Diplomatic discussions are underway between the Maltese and UK governments for Malta to be included in Britain’s ‘air bridge’ list, sources have told The Malta Independent.
The British government was expected to release the official list of safe travel countries on Monday, but it was unclear whether Malta would be included. This raised concerns among local tourism operators, who fear that the UK market could suffer if Malta is not placed on the so-called ‘green list.’ UK nationals will not have to quarantine for 14-days upon returning from countries on the list.
When contacted, Tourism Minister Julia Farrugia Portelli said that, “after successfully controlling the virus outbreak in Malta and now resulting to be one of the safest countries in the world, this week Malta is ready to start welcoming tourists from 22 different destinations.”
“All decisions are taken on scientific evidence and the government is committed to open up to further countries from the 15 July,” she said.
Farrugia Portelli added that “such responsible planning, together with the vision of our tourism operators and the resilience of our workers, will be key to the success of our country and its tourism sector.”
The Malta Independent also spoke to the president of the Malta Hotels and Restaurants Association (MHRA), Tony Zahra, who said that, “if Malta is not among the countries on the UK list of safe corridors, this would not be a disaster, but rather a setback as the UK accounts for 30% of our markets.”
The British government is expected to make a decision and introduce which countries are going to be on the green list based on a traffic light system. Countries which are classified as ‘Green’ will mean that they are safer than the UK, ‘Amber’ countries implies that they are less safe, and ‘Red’ will mean that any arrivals will have to self-isolate on return from that country.
Among the countries expected to be on the green list are France, Spain and Italy, although the situation has been changing rapidly. Greece was also being mentioned as one of the countries considered safe by the UK, but the Greek government said it is extending a ban on direct flights arriving from Britain, pushing it back to 15 July.
Portugal is not expected to be on the list, with reports suggesting that there was a diplomatic dispute as the Portuguese government tries to convince the UK that it is a safe destination.
Zahra remarked that, “if Malta does not feature on the UK list of safe corridors, this would be of great concern for us as we wouldn’t be able to operate from the UK.”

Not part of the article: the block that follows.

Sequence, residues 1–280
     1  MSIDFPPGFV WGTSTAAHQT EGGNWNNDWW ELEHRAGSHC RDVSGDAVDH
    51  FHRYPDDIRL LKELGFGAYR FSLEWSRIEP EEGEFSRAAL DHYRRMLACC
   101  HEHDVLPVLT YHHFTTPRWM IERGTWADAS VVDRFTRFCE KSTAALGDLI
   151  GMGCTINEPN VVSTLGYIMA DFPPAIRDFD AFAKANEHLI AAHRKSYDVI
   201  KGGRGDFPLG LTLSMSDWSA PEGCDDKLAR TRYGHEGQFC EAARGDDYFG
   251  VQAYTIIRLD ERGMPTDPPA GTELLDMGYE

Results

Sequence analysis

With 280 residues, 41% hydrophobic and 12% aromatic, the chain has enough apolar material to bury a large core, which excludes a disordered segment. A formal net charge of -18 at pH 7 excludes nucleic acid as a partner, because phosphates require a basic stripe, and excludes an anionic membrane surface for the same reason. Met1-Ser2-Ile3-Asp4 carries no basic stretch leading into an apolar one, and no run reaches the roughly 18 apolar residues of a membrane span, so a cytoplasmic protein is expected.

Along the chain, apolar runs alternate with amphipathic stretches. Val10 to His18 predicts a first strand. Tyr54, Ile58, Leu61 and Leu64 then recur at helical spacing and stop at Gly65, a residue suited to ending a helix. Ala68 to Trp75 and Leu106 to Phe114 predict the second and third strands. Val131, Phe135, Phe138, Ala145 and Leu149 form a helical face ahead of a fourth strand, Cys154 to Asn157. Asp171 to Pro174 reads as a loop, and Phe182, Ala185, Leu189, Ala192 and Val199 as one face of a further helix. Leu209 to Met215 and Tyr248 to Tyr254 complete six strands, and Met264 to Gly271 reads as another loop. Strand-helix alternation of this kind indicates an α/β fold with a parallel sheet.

“Although we are not sure how the list is being established and what criteria is being considered, we are certainly doing everything in our power to place Malta on the list of safe corridors. I hope we will get there, especially given our excellent results in how we handled the Coronavirus pandemic in recent months,” Zahra said.
He explained that “in previous years, the UK market presented a total of 73%, but now it has gone down to 30%. Reason being is not because we reduced the number of arrivals from the UK but because there has been an increase of arrivals from other countries.”
The Covid-19 pandemic reached a new milestone over the weekend with the death toll exceeding 500,000. In the UK, residents of Leicester waited Monday to hear whether lockdown restrictions will persist for their area for two weeks longer following a spike in coronavirus infections.
Leicester has recorded 866 new coronavirus cases in the two weeks up to June 23, or nearly a third of its total through the pandemic.
That prompted Home Secretary Priti Patel to indicate over the weekend that the city would face a local lockdown in a bid to get the outbreak under control. It would be the first time a U.K. city faced a local lockdown.
Patel also warned that the air bridges deal won’t happen overnight. “They will take time because some of this will be down to negotiation [and] discussion with certain countries,” she said.
The EU is also in the process of introducing a ‘safe list’ including the countries whose citizens will be allowed to enter Europe again in the coming days. The United States, Brazil, Russia and India are bound to be excluded from this list due to the high number of Coronavirus cases.
The countries which will feature in the ‘safe list’ are being chosen according to the countries’ Coronavirus statistics, infection rate and reliability of their data. This list will be reviewed every 14 days, with new countries being added and some possibly dropping off, depending on how the spread of the disease is being managed.
It has been estimated that over 15 million American nationals travel to Europe annually, therefore if this is further delayed, economies and tourism sectors will be severally damaged, and around 10 million Europeans are thought to cross the Atlantic for holidays and business each year.